GRMT

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Aksum and South Arabia during the third century.

GRMT (vocalized as Gärma[t] for convenience, possibly Gärima; flourished 3rd century, possibly AD 230-40) was the son of the Ethiopian Aksumite King `DBH (possibly vocalized as `Azba or `Azeba), described in South Arabian texts as the "son of the nagashi" (wld ngšyn).[1] Like his predecessor BYGT, also called the "son of the najashi" (under GDRT, `DBH's predecessor), it is not known whether the title meant that they were crown princes or simply generals.[2] Early in his father's reign, the wars that had flared up in South Arabia during GDRT's reign were rekindled. Shamir Yuhahmid of dhū Raydān and Himyar requested `ĐBH's help after having lost some power to two allied pretenders to the throne of Saba' and dhū Raydān. `DBH sent GRMT to South Arabia, where two Epigraphic South Arabian inscriptions mention his actions. He was involved in fighting using both Aksumite and Tihama tribes (conquered under GDRT) on the side of Shamir, but was eventually defeated by the Sabaean king `LŠRH YḤḌB. Aksumite control in parts of western Yemen and southern Saudi Arabia does not seem to have ended however, as GRMT continued war activities around Najran.[1]

Name[edit]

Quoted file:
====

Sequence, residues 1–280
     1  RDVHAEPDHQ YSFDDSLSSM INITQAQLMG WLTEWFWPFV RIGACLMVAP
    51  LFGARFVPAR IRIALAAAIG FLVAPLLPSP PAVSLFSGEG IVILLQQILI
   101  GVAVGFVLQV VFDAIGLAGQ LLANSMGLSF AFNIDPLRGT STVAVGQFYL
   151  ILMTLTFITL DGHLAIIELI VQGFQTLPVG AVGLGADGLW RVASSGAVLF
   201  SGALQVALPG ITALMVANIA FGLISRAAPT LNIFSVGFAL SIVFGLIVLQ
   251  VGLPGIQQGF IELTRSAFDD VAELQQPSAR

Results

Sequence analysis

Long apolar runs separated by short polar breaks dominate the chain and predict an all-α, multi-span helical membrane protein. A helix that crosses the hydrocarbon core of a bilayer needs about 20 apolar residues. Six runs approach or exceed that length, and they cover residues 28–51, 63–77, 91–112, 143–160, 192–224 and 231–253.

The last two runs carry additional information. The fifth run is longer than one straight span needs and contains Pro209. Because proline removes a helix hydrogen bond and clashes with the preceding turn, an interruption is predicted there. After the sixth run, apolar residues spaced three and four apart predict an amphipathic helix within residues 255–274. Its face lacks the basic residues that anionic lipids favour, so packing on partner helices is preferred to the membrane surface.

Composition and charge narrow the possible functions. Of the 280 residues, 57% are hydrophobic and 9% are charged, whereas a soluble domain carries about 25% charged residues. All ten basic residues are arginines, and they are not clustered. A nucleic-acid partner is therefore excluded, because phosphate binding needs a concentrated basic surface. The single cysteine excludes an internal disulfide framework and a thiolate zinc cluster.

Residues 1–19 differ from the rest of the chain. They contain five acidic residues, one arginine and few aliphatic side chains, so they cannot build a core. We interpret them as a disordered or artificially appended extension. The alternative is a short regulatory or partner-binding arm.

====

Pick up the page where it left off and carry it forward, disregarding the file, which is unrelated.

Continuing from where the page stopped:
Like BYGT and GDRT (the latter of whom appears as GDR in Aksumite inscriptions), the final T on GRMT could possibly be peculiar to South Arabian form. Though the vocalization of his name is still uncertain, it is connected to the Ge'ez root g-r-m. The root g-r-m has a few related meanings, such as "terror" (gərämt), "majesty" (gərma), and to be "admirable," "become formidable," or "be frightful" (gärämä), as well as a number of other related and similar meanings. "Gärima," the name of one of the Nine Saints who came to Ethiopia in the 5th-6th centuries AD, is a very possible vocalization for GRMT, as it is relatively close to GRMT's time period.[1]

See also[edit]

References[edit]

  1. ^ a b c Uhlig, Siegbert, ed. Encyclopaedia Aethiopica: D-Ha. Wiesbaden: Harrassowitz Verlag, 2005. p. 894.
  2. ^ Munro-Hay, Stuart. Aksum: An African Civilization of Late Antiquity (Edinburgh: University Press, 1991), p. 66